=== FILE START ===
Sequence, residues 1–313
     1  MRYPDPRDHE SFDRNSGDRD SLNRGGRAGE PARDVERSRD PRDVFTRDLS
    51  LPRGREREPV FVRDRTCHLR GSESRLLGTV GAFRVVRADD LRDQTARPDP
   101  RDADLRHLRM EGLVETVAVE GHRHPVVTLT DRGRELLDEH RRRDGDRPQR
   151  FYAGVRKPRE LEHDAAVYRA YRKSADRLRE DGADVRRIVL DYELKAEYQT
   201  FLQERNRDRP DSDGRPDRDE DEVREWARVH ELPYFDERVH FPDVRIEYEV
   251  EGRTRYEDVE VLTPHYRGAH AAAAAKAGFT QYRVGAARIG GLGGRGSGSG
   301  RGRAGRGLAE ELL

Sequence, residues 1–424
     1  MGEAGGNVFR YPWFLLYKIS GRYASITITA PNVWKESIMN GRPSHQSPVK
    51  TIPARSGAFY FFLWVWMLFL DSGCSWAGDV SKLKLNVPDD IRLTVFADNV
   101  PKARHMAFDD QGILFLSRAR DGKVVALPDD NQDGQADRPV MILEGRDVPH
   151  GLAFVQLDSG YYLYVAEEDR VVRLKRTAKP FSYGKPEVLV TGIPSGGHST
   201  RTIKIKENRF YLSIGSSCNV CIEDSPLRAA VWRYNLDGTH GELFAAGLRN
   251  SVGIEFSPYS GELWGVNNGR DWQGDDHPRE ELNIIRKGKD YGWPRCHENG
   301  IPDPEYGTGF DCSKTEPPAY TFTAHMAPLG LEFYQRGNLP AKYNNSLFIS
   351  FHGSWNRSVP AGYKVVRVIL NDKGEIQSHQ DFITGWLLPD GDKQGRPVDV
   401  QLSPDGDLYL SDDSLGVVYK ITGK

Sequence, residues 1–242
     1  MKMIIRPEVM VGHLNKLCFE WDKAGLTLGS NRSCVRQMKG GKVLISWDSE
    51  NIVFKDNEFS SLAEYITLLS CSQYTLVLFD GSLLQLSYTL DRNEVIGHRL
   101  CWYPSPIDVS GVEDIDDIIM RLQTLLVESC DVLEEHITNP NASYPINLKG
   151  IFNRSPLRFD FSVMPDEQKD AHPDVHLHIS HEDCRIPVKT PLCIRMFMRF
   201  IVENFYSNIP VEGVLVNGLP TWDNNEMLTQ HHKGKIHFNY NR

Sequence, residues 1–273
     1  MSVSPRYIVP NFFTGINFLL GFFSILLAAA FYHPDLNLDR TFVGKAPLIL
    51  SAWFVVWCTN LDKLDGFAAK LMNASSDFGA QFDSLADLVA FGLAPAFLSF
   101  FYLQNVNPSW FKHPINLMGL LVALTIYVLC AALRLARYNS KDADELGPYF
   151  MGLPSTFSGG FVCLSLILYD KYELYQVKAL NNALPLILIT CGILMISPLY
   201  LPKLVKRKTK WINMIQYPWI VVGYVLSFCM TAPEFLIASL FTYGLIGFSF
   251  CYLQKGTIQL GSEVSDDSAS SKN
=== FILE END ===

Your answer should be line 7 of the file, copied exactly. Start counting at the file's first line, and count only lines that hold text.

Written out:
   251  EGRTRYEDVE VLTPHYRGAH AAAAAKAGFT QYRVGAARIG GLGGRGSGSG